Vol. 6, No. 7
Since You Asked
~ Page 20 ~
Names may be included at the discretion of the Editor unless querists request their names be withheld. Please check our Archive for the answer to your question before submitting it; there are over 1,000 articles in the Archive addressing numerous biblical topics. Submit a Question to GGO.
Why Would Aaron consent to making the golden calf when he had been appointed priest forever?
Aaron and his descendants were appointed as priests perpetually throughout Judaism (Exodus 28:40-43; 29:9; Numbers 18:1; 1 Chronicles 23:13). There is no acceptable explanation for Aaron's willingness to craft a golden calf by which the Israelites resorted to idolatry in the absence of Moses. Commentators agree that a riotous throng of discontented Israelites compelled Aaron to make them "gods," but he did not have to comply. He may have shared the discontent of the mob and likewise believed that Moses had perished on the fiery mountaintop. Aaron may have been afraid of his fellows and out of weakness complied to preserve his life. Aaron, some suggest, may have opted for the golden calf, hoping the people would not part with the gold or that the time required for the making the idol would sufficiently stall the people until Moses returned. Perhaps Aaron, believing Moses had died, thought this was his opportunity to assume leadership of the vast Israelite population.
Aaron's betrayal of God is especially difficult to fathom in view of his consecration to the priesthood under Judaism. Yet, Christians are style priests under the New Testament (1 Peter 2:5, 9). Really, it was no more blameworthy for Aaron to violate his priesthood than it is for Christians today to mar their priesthood by their sinfulness. God was angry with Aaron for constructing the golden calf and desired to kill him, but the prayers of Moses intervened (Deuteronomy 9:20-21). God is no happier with Christians who pursue sin today.
The question has been posed, "Did Moses lack self-confidence?" When Moses was 40-years-old, he had the confidence that he could lead God's people, even though God had not told him to begin that task yet (Acts 7:23-29). However, 40 years later, at the age of 80, Moses was not prepared to lead the people of God, though God at that time called upon him to do just that (Exodus 2; Acts 7). Moses made a series of excuses that caused God to become angry with him (Exodus 3:11, 13; 4:1, 10, 13-14).
Moses had been humbled 40 years earlier when he was ready to lead Israel, but when God was not ready for Moses to do so. For 40 years, Moses lived an isolated life in exile to a barren land as a shepherd. At an age when few people take on such momentous responsibilities, God called on the old man Moses to lead a vast nation of perhaps up to two million from slavery into the wilderness (International). It is little wonder that Moses lacked self-confidence. Which modern man under comparable circumstances would have exhibited substantially more confidence than Moses?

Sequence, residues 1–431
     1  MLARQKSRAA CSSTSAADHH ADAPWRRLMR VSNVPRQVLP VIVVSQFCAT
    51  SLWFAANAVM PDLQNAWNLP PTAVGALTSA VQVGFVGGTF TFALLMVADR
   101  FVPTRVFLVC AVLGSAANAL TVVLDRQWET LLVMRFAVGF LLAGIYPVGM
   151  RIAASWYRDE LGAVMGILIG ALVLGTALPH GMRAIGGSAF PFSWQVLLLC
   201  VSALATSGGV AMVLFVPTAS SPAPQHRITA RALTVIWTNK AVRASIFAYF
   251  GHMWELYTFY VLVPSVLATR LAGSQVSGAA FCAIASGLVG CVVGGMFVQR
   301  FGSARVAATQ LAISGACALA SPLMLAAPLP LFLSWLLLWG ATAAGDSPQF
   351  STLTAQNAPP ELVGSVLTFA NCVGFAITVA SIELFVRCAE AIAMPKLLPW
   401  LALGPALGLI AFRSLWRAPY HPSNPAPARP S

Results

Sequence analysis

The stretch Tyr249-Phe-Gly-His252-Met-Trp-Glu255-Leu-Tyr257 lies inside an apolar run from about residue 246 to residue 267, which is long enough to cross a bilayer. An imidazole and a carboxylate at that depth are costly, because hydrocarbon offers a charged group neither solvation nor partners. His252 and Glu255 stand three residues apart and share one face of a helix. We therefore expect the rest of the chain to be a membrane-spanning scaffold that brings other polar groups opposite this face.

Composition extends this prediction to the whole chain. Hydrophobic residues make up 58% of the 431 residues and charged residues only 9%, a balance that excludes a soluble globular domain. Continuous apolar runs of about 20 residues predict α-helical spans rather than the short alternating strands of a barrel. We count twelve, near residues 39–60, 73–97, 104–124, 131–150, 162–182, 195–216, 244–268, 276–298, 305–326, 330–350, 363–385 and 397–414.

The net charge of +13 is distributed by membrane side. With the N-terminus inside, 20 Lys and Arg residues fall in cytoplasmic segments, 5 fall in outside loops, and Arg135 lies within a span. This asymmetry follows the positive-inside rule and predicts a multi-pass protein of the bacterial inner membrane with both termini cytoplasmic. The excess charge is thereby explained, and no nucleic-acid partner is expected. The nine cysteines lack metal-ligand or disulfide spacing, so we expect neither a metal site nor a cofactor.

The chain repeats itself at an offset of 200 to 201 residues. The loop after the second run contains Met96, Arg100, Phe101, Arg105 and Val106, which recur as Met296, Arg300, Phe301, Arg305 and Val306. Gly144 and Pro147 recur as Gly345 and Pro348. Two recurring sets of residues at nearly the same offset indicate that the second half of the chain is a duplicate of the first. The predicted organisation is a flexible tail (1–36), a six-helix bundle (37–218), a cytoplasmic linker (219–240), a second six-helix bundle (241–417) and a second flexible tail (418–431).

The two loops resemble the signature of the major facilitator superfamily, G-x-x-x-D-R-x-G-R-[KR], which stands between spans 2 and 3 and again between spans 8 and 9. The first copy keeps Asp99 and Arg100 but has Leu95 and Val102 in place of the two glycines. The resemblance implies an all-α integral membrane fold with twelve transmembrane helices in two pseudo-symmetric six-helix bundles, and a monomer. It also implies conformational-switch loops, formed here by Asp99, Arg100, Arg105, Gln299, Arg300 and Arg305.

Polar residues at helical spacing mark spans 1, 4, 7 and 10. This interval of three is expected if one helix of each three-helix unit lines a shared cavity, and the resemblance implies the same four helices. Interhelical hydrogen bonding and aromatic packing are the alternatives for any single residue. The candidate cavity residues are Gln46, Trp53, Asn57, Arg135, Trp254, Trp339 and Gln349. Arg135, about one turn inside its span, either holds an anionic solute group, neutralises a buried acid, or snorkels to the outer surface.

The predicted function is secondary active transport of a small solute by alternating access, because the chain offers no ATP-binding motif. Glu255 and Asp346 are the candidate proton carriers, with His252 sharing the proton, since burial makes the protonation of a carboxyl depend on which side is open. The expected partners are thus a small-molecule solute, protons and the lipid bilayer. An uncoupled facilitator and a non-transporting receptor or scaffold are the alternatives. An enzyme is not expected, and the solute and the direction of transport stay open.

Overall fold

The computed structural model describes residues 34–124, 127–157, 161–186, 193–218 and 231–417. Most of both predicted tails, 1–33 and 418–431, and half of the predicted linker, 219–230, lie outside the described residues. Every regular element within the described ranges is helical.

International Standard Bible Encyclopaedia. CD-ROM. Seattle: Biblesoft, 1996.
I once heard a preacher refer to Job as a complainer. Contrast that with how we react to adversity.
Admittedly, Job complained, but Job had much amuck in his life about which either he or we might complain. Anyone with a cursory memory of the tragedies Job experienced could hardly expect him or any other mortal not to be devastated by the extent of his misfortunes. Yet, "In all this Job sinned not, nor charged God foolishly" (Job 1:22). Most of what affects anyone of us in life is far less than the adversities that befell Job, and we, then, should try as best we can to bear the adversities that buffet us, also without sinning or charging God foolishly.
Regarding physical things, we need to learn contentment as long as we have the necessities of life (Philippians 4:11; 1 Timothy 6:6-8; Hebrews 13:5). We must also persevere despite the loss of loved ones (Matthew 19:27-29; 1 Thessalonians 4:13-18; 1 Corinthians 15:19). We may even experience persecution, suffering and death because we practice Christianity, but we must stay the course (Matthew 10:28; 2 Timothy 3:12; Revelation 2:10).
Often the ones who complain the most in life are the ones who have the least about which to legitimately complain. All of us, though, need to trust in God's providence (Romans 8:28) and rest assured that God will make a way of escape for us in the face of every temptation (1 Corinthians 10:13). We can do all things through Christ who strengthens us (Philippians 4:13).
Someone inquires regarding the patience of Job. Job did not seek assisted suicide as some might today (1) when he as a rich man swiftly lost all of his wealth, (2) when all of his children suddenly died, (3) when he suffered medical maladies with their excruciating pain, (4) despite not understanding why all these tragedies befell him, (5) and though only his nagging wife who encouraged him to curse God and die remained. Job survived, patiently; in his case, he was wonderfully blessed again with material possessions and good health. It is no wonder that Job is portrayed in the Bible as the perfect example of patience. "Behold, we count them happy which endure. Ye have heard of the patience of Job, and have seen the end of the Lord; that the Lord is very pitiful, and of tender mercy" (James 5:11). Unless we "endure," we may never know whether God will richly bless us to replace whatever for which we should have patience.
The English word "patience" appears 34 times in the New Testament. Reviewing those occasions with the aid of a concordance will broaden our appreciation of patience. Patience is also one of the Christian virtues recorded in 1 Peter 1 that each of us ought to acquire.